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Quotes to Remember "From Selma to Ferguson" Panelists

Jan 31, 2015 10:31PM, Published by Diana Bogan, Categories: News Featured Stories, Music


Panelists, from left: Ruby Shuttlesworth, Dorothy Mitchell-Kincaid, Avon Rollins, Joe Tolbert and Corey Legend Hodge. Photo: Elizabeth Wright



The Jan. 24 event “From Selma to Ferguson: The Movement Continues,” was the latest Hip Hop Forum sponsored by the FLOW (Freedom in Learning Our Worth), a nonprofit that “educates, empowers, and enlightens” the public about hip hop and encourages dialogue around critical issues facing the community.

Panelists and attendees discussed lessons from the past while lifting up the importance of “sharing the torch” and supporting current youth-led movements that employ new tactics like decentralized leadership, social media engagement, and the celebration of hip hop culture and music to fight institutionalized racism, police brutality, and systemic injustice. 

Forum panelists shared what young leaders and elders need from each other in the movement. Our Quotes to Remember highlights some of the shared insight that stands out from our full coverage of the event

To Overcome “Learned Helplessness”
“I graduated salutatorian from Austin-East and only applied to UT. I told one of my mentors and she said, ‘How about you apply to Pellissippi? It might be too hard at UT.’ This was someone I looked up to. It’s as simple as looking someone in the eye and saying 'You are capable.' Three words is all it takes to make a difference between someone being in an Ivy League college and on the streets.”
–Corey Legend Hodge

Skill Development
“I don’t want to come to the meeting just to help set up the room. There needs to be ongoing skill-development. There are multiple ways to lead that don’t have to take the form of leading an organization. We can share the torch. The younger generation should be better equipped than learning the job while on the job.”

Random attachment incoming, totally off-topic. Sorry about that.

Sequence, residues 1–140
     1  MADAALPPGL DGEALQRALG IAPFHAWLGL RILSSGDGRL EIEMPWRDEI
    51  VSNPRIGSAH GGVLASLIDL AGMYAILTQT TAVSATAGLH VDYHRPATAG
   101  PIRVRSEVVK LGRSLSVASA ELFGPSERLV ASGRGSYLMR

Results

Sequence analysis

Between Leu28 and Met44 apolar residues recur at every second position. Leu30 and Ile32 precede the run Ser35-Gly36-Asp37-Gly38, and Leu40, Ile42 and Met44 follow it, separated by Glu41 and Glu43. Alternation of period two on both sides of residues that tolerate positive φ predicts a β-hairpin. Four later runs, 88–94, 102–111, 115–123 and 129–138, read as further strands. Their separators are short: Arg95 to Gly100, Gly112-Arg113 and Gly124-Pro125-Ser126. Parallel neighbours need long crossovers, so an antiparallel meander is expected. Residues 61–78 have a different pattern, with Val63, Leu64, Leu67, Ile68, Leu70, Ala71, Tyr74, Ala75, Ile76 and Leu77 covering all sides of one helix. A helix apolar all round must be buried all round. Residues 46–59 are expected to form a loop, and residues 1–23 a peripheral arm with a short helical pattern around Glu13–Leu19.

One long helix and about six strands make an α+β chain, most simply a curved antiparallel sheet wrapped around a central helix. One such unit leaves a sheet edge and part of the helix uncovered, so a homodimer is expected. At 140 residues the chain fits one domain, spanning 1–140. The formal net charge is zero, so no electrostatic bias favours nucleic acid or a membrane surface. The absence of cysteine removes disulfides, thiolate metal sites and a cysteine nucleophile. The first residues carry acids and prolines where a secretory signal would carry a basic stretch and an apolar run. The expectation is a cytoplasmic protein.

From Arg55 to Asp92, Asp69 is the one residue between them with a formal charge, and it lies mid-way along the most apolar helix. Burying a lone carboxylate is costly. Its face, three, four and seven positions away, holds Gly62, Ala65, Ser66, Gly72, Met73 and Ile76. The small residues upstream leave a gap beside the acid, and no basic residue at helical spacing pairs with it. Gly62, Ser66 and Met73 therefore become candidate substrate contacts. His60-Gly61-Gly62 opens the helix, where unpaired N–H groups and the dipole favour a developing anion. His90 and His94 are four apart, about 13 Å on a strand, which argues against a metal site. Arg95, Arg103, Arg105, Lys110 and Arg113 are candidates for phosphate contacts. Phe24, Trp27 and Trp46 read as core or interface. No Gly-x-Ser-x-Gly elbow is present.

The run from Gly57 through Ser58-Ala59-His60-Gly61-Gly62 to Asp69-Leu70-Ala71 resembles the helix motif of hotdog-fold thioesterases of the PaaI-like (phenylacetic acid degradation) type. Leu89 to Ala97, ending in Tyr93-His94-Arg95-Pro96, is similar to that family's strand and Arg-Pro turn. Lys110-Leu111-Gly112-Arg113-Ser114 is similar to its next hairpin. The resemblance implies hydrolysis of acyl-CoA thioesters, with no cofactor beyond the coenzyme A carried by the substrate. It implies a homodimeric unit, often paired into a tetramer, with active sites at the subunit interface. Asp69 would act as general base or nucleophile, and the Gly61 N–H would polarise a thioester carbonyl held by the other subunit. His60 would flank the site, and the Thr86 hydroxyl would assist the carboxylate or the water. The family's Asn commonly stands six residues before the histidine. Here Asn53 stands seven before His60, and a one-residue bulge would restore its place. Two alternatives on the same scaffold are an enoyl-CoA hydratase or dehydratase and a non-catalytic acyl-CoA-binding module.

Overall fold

–Joe Tolbert

Shared Knowledge
“We need to teach you how to be observant, how to watch the news, and for you to teach us [about] your music, about computers. Sometimes we’re put off by the way young people are doing, but we need to spread our knowledge.”
–Ruby Shuttlesworth

Shared Experiences
“The young generation can benefit most from you telling us your experience more. It wasn’t until later that I heard some of the struggles that I was completely ignorant towards. That can inspire me and other individuals. That’s the light switch - why do I need to waste what they went through?”
–Corey Legend Hodge

Emotional Justice
“We need to change how we approach community work. We need to figure out a way to let people deal with emotional trauma because African Americans don’t have a lot of access to therapists. We need to create those structures in our communities where people can gather and deal with the trauma of doing this work and everyday life because having someone bear witness to your story is healing in itself.”
--Joe Tolbert

Economic Justice
“In 2015, African American household income is approximately 58% of white counterparts. That affects your food, your care for your children, your health care. We have to address and confront economics as you hip-hoppers take the baton and run with it. “
–Avon Rollins

Expand Networks
“The good thing is there are all colors and ethnicities in the room. They don’t want you together. They don’t want rock n roll and blues to listen to hip hop because hip hop is not something they invented. That’s how they try to keep us apart.”
–Dorothy Mitchell-Kincaid

— Elizabeth Wright

A large crowd was present at the forum Photo Elizabeth Wright

From Selma to Ferguson: The Movement Continues 

Local Hip-Hop Community, Civil Rights Leaders Discuss Intergenerational Activism at Hip Hop Forum Read More » 

 




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